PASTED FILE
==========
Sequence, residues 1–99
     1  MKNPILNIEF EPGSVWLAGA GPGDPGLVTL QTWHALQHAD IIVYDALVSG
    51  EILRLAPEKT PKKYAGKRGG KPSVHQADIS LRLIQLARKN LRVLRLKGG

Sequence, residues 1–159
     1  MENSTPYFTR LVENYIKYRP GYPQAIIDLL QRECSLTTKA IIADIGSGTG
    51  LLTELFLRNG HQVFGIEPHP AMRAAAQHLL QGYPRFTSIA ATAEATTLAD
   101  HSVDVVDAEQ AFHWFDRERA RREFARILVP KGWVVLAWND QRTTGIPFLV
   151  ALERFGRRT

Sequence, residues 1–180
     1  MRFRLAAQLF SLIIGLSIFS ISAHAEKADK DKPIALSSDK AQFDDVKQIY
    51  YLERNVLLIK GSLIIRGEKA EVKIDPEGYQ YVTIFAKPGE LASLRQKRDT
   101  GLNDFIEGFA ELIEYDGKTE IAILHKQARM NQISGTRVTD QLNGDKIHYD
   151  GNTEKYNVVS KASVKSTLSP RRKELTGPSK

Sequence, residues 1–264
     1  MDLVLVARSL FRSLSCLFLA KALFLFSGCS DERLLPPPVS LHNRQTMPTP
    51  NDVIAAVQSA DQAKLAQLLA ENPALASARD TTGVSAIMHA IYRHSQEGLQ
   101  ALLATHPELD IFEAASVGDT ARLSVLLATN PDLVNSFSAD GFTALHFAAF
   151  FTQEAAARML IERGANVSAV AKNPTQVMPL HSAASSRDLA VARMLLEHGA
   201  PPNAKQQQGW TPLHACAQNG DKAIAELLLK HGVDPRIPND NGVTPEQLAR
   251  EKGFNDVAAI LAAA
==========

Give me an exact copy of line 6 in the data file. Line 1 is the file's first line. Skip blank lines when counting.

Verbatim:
    51  LLTELFLRNG HQVFGIEPHP AMRAAAQHLL QGYPRFTSIA ATAEATTLAD